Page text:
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Peruvian Journal of Neurosurgery

Choroid plexus coagulation as an isolated procedure in the treatment of hydrocephalus

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Objectives: The objective of this review is to determine the effectiveness of isolated choroid plexus coagulation (CPC) as a treatment for hydrocephalus in various clinical settings and the variables associated with its success.
Methods: PubMed was searched for the terms (choroid plexus coagulation) OR (choroid plexus cauterization). Those studies published since 1990 were included so that they were relevant to current clinical practice. All studies evaluating the efficacy of CPC as an isolated procedure for treating hydrocephalus were included.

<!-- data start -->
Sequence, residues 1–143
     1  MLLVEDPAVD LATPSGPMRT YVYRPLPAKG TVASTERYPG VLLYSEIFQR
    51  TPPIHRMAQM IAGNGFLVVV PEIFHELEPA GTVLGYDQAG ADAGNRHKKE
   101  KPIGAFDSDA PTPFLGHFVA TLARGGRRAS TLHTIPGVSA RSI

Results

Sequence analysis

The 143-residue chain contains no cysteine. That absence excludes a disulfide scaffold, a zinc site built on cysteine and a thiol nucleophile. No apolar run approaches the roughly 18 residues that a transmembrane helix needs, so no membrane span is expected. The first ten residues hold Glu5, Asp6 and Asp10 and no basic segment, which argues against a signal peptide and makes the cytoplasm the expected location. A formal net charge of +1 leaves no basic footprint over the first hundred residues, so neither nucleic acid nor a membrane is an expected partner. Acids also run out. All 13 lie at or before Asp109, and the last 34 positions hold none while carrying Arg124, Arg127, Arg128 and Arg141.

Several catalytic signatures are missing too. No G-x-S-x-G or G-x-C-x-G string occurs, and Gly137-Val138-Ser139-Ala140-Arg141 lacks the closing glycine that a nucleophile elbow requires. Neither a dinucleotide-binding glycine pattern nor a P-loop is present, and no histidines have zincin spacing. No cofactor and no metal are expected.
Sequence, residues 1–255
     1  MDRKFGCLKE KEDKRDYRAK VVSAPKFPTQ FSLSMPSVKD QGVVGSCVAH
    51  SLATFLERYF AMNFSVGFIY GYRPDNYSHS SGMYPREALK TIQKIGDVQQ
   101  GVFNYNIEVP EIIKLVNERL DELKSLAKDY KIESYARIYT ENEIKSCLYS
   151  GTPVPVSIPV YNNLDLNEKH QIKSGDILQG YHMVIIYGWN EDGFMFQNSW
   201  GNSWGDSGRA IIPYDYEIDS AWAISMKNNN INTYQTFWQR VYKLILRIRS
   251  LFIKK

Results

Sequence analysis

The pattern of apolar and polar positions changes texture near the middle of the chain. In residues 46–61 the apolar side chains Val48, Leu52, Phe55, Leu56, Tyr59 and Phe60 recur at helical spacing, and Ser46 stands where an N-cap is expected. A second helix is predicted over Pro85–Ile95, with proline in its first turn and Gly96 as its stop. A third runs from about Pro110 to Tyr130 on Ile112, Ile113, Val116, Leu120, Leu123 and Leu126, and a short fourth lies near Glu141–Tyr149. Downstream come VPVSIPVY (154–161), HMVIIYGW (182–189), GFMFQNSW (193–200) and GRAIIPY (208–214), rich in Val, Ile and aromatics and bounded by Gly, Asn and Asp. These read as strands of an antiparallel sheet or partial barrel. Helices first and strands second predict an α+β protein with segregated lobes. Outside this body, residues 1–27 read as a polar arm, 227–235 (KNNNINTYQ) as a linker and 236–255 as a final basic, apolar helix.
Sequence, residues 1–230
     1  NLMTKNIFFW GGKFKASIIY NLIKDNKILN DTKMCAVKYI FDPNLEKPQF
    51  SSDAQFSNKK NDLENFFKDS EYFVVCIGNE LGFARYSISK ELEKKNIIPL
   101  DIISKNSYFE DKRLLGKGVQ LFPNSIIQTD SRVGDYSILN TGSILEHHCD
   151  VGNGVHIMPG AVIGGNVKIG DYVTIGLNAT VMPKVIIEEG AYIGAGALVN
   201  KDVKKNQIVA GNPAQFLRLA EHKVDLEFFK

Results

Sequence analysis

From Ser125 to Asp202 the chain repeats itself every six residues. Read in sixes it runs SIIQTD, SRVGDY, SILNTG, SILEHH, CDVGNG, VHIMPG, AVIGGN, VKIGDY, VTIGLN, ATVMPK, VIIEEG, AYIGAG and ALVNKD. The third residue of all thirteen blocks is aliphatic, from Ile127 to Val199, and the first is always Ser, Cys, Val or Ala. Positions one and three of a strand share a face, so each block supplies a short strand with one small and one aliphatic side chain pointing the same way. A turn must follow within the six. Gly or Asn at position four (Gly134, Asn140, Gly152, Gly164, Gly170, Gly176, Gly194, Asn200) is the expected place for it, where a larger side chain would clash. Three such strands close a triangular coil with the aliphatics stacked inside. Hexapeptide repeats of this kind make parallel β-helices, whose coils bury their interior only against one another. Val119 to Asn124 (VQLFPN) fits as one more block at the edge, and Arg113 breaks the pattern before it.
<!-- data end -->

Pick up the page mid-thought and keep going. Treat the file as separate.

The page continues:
Results: The etiology, approach, and degree of CPC were significantly associated with the effectiveness of the procedure. The greatest effectiveness was reported in patients with hydranencephaly or maximum hydrocephalus (68.9%, p = 0.001276), when a parietal approach was used (74.4%, p = 0.000604), and when the temporal horn plexus was included (64.7 %, p = 0.048068). Furthermore, a case of choroid plexus hyperplasia (CPH) treated effectively with CPC is described. On the other hand, the type of electrode (p = 0.4631), the type of endoscope (p = 0.0699), and the presence of a previous ventriculoperitoneal shunt (p = 0.3241) were not significantly associated with the effectiveness of CPC.
Conclusions: CPC is a viable treatment alternative in the management of hydranencephaly, CPH, and in selected cases of hydrocephalus without the aforementioned characteristics. However, studies are needed to compare CPC with shunt therapies before qualifying it as the first line of treatment.
Keywords: Choroid Plexus, Cautery, Hydrocephalus, Hydranencephaly, Ventriculoperitoneal Shunt.  (source: MeSH NLM)